A web-based photo-alteration intervention to promote sleep: randomized controlled trial

Isabel Perucho, Kamalakannan M. Vijayakumar, Sean Talamas, Michael Wei-Lang Chee, David I. Perrett, Jean Liu*

*Corresponding author for this work

Research output: Contribution to journalArticlepeer-review


Background: Receiving insufficient sleep has wide-ranging consequences for health and well-being. Although educational programs have been developed to promote sleep, these have had limited success in extending sleep duration. To address this gap, we developed a web-based program emphasizing how physical appearances change with varying amounts of sleep.

Objective: The aims of this study were to evaluate: (1) whether participants can detect changes in appearances as a function of sleep, and (2) whether this intervention can alter habitual sleep patterns.

Methods: We conducted a 5-week, parallel-group, randomized controlled trial amongst 70 habitual short sleepers (healthy adults who reported having <7 hours of sleep routinely). Upon study enrolment, participants were randomly assigned (1:1) to receive either standard information or an appearance-based intervention. Both groups received educational materials about sleep, but those in the appearance group also viewed a website containing digitally-edited photographs that showed how they would look with varying amounts of sleep. As outcome variables, sleep duration was monitored objectively via actigraphy (at baseline, and at post-intervention weeks 1 and 4), and participants completed a measure of sleep hygiene (at baseline, and at post-intervention weeks 2, 4, and 5). For each outcome, we ran intention-to-treat analyses using linear mixed-effects models.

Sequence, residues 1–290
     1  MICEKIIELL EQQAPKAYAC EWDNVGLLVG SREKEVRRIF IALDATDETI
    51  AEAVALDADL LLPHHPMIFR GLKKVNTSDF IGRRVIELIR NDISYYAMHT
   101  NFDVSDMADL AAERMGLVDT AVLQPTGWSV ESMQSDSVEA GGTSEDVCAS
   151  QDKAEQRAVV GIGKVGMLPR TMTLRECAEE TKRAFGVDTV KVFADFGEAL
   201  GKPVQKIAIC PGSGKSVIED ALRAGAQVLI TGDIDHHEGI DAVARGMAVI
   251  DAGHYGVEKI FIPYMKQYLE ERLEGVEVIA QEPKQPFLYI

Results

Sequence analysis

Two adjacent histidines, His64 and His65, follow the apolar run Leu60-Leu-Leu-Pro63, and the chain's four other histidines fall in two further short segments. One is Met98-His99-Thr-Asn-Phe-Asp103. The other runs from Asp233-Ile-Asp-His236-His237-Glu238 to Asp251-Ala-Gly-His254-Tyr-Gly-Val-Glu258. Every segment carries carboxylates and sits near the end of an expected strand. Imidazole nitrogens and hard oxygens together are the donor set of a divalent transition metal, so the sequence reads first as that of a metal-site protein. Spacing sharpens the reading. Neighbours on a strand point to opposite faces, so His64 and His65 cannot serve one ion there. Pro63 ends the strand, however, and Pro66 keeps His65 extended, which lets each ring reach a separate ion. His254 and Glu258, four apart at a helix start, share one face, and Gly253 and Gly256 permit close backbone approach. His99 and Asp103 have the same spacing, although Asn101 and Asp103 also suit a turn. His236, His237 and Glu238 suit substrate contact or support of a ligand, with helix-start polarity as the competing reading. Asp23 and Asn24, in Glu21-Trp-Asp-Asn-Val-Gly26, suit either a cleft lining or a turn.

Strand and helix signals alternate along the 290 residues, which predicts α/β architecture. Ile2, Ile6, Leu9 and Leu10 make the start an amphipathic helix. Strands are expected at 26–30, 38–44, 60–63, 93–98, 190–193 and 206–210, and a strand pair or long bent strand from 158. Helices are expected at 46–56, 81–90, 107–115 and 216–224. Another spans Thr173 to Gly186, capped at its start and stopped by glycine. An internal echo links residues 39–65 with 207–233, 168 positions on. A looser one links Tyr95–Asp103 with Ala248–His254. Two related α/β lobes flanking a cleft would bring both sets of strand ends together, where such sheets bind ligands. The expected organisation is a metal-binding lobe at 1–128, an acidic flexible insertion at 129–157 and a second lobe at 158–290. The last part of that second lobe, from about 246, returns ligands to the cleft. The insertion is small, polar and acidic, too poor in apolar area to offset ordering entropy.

Results: In total, 35 participants were assigned to each group. Validating the intervention, participants in the appearance group: (i) were able to identify what they looked like at baseline, and (ii) judged that they would look more attractive with a longer sleep duration (t(26) = 10.35, P < .001). In turn, this translated to changes in sleep hygiene: whereas participants in the appearance group showed improvements following the intervention (F(1,107.99) = 9.05, P = .003), those in the information group did not (F(1,84.7) = 0.19, P = .66). Finally, there was no significant effect of group nor interaction of group and time on actigraphy-measured sleep duration (smallest P = .26).

Conclusions: Our findings suggest that an appearance-based intervention – while not sufficient as a standalone – could have an adjunctive role in sleep promotion.
Original languageEnglish
Article numbere12500
Number of pages11
Issue number9
Publication statusPublished - 26 Sept 2019


  • Sleep
  • Public health
  • Physical appearance
  • Outward appearance


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